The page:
One of the neat things about the Ice Palace, the Ice Maze, and the Ice “News Office”—and everything Polar Fest is doing with 600-pound blocks of ice this year—is that the ice came directly from Lake Detroit, near the historic center of the city. Flag.
Sure, modern harvesting involves Bobcat loaders and big power saws, but it also involves the use of more traditional methods and tools, like using ice picks to float the big ice cakes on a treadmill, then shave them down to a standard size. .
This activity strikes a chord with the Detroit Lakes elders, as winter “ice harvesting” was an economic staple from the turn of the last century until around 1960.
At the time, ice harvesting was Becker County’s second-largest industry, second only to lumber and logging, according to information from the Tribune Archives and the Becker County Historical Society.
At the age of 17, Larry Howard was working piling blocks of ice into train cars.
“I grabbed the first cake and came right out the other side of the boxcar and landed on the runway, and they were all laughing at me and saying, ‘That’s how you don’t. don’t! ‘” he wrote of his memories of the ice harvest, which are in the records of the Historical Society.
Howard worked for Fargo-Detroit Ice Works, like many other local men.
“At that time,” he said, “almost everyone who could get along worked there because there wasn’t much else to do there in the winter.”
Beginning in 1888, Detroit Lakes notable John West began harvesting ice from Lake Detroit with the help of only a few men. Fifteen years later, the company was incorporated as the Fargo-Detroit Ice Company.
In 1903, the company produced enough ice to fill 25 railroad cars. By 1925 it was producing enough to fill 4,500 cars.
“It was quite an experience. It was hard work.”
Dick Duffney, who used to stack blocks of ice during ancient ice harvests
In 1945, Fargo-Detroit was the largest company in Detroit Lakes. It had a payroll of $38,000 and employed 40 to 60 men in the winter and 15 to 25 during the other seasons.
In 1951, the payroll for all harvesting men was $50,000.
That equates to about $600 apiece – about $6,500 in today’s dollars – for a ton of work. It was very hard work for little pay, and it could be dangerous for both men and horses, especially at first.
One of the men who worked on the wagons was Dick Duffney. He stacked blocks of ice in three tiers, and by the third stack, he said, they were easy to put in place.
“I always found new muscles every day,” he said. “It was quite an experience. It was hard work.”
Ted Gunderson, who worked for the ice company for 60 years, said in a 1963 newspaper article that working on the lake was dangerous.
He saw the McCabe brothers crash their car through a thin layer of ice at the harvest site, on the way to their fish market. One of the brothers died before they could be rescued.
He also saw two men working for the company die and several teams of horses fall and drown.
But there wasn’t much else to do for money in Detroit Lakes in the winter then, and in later years, at least, some men enjoyed the work.
“It was pretty fun,” said Ike Fischer of Frazee, who worked ice harvesting at Frazee, which used horses more.
Before electrification and the widespread use of electric refrigerators and freezers, “coolers” were the name of the game in the average kitchen, and they kept food cool with a block of ice cut out in places like Lake Detroit.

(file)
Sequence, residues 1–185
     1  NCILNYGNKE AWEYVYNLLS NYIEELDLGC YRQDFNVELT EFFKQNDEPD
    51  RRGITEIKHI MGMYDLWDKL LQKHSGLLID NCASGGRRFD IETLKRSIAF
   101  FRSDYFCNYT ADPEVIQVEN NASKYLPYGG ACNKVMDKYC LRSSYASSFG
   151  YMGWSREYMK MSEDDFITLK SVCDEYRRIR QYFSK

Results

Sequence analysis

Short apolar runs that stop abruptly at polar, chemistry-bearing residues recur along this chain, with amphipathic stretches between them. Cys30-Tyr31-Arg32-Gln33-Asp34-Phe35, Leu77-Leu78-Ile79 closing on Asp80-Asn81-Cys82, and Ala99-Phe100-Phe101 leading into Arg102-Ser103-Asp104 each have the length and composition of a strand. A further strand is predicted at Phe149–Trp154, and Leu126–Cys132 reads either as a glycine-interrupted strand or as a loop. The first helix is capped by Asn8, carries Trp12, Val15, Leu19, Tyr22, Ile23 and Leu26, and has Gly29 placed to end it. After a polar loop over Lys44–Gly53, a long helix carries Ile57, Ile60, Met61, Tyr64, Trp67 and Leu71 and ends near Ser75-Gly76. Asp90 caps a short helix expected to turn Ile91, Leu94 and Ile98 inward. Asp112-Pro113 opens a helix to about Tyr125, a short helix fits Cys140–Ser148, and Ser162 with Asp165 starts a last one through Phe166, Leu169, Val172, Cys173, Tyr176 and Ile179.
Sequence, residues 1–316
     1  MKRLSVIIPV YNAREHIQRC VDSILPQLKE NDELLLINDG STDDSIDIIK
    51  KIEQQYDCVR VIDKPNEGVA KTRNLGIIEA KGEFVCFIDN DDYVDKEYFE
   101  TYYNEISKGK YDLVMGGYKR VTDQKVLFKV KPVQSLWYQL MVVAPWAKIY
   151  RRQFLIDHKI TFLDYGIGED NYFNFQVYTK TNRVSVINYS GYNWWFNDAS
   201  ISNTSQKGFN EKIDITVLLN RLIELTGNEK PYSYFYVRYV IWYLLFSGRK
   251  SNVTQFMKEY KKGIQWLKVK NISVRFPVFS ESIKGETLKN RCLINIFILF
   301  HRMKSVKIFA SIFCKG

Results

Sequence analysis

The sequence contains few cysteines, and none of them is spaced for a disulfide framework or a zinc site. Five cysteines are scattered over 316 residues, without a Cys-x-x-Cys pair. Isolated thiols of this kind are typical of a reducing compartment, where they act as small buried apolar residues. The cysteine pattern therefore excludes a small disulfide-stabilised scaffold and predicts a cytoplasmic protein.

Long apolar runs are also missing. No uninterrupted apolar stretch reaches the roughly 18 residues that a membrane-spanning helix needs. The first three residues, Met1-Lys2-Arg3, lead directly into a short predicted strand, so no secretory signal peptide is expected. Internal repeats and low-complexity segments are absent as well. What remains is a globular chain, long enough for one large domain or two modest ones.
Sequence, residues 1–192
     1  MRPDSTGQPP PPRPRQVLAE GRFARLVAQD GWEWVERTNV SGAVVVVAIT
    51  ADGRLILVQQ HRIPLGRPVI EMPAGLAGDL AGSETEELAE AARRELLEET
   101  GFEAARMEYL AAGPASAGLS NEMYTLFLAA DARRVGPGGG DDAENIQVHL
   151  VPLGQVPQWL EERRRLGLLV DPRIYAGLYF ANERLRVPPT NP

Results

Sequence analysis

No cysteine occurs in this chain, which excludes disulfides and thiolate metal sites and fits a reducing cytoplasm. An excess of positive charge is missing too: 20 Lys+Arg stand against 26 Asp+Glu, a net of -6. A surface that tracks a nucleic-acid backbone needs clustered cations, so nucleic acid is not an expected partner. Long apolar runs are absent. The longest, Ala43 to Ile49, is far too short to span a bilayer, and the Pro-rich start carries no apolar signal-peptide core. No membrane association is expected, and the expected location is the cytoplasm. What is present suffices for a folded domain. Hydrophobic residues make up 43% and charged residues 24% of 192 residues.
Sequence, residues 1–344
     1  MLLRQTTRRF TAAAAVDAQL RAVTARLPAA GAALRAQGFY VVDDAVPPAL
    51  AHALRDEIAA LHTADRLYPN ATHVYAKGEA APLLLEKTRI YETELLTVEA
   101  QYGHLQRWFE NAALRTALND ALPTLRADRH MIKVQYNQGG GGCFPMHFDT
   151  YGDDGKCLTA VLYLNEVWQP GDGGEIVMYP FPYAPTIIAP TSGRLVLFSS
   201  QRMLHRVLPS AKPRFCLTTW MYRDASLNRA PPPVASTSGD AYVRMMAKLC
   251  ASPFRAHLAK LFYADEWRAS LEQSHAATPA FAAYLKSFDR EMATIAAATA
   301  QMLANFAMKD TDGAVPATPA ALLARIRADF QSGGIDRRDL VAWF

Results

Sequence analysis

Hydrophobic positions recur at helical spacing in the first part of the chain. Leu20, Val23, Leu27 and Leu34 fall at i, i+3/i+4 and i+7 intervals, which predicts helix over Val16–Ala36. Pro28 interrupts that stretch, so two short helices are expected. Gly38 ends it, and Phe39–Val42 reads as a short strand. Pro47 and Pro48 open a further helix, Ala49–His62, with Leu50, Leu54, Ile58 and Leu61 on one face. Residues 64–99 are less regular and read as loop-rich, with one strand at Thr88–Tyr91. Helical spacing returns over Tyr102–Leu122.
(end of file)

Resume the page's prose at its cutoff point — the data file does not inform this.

Much of the ice harvested from Detroit’s lakes went to the Northern Pacific Railroad to keep their goods refrigerated. It was also shipped by train across the country.
Here is the process that was used to harvest the ice, according to an article by local historian Roger Engstrom housed at the Becker County Museum:
First, the men dug a channel in the lake so the blocks would be cleaner, with less dirt and debris.
According to Engstrom’s story, “a circular saw, powered by a Model A motor of about 25 horsepower, cut the ice halfway through. The ice was ‘cut’ into ‘cakes’ measuring 22 by 32 “Ice sawdust” was packed into the cup to prevent water from entering the cup and freezing. When completed, a “float” was cut, which was 10 cakes wide and 40 cakes high long.
“When the float arrived at the tram, the ‘pond saw’ finished the cut down to the water, making a strip two cakes wide and 40 cakes long.”
From there, men with gaffs guided the gangs into place near the tram. The imperfect cakes went into a waste pile, which sometimes took until July to melt.
Perfect cakes weighing 400 pounds or more continued on the tram and were loaded onto the railroad cars.
“As the cakes moved up the tram, they passed under a planer which cut them all to the same thickness and made grooves in the cakes. The grooves in the cakes kept the cakes from freezing together,” Engstrom wrote. .
Ice cakes that were not loaded onto the trains were stored in the coolers, located where the Holiday Inn stands today.
“It was kind of fun.”
Ike Fischer, who worked on the old Frazee Ice Harvests
The ice harvest usually started between Christmas and New Years and lasted about two months. The ice that was stored in the warehouse, where the Holiday Inn now stands, was covered in sawdust, which would keep the ice from melting all summer, at least in theory, Engstrom said.
An editorial by Ken Prentice, published on July 27, 1990, announced that Fargo-Detroit Beverages would no longer be harvesting ice cream.
“When the ice on Big Detroit goes unharvested this winter, many local residents will miss the passing of an era,” he wrote. “One of the penalties we pay for continuous improvements and a better way of life.”